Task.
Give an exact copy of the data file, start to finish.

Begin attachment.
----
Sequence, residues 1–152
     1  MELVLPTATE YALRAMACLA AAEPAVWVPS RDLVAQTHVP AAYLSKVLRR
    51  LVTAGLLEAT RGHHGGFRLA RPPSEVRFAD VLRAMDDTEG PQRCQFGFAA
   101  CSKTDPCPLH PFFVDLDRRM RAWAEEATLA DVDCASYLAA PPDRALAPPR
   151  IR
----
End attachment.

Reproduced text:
Sequence, residues 1–152
     1  MELVLPTATE YALRAMACLA AAEPAVWVPS RDLVAQTHVP AAYLSKVLRR
    51  LVTAGLLEAT RGHHGGFRLA RPPSEVRFAD VLRAMDDTEG PQRCQFGFAA
   101  CSKTDPCPLH PFFVDLDRRM RAWAEEATLA DVDCASYLAA PPDRALAPPR
   151  IR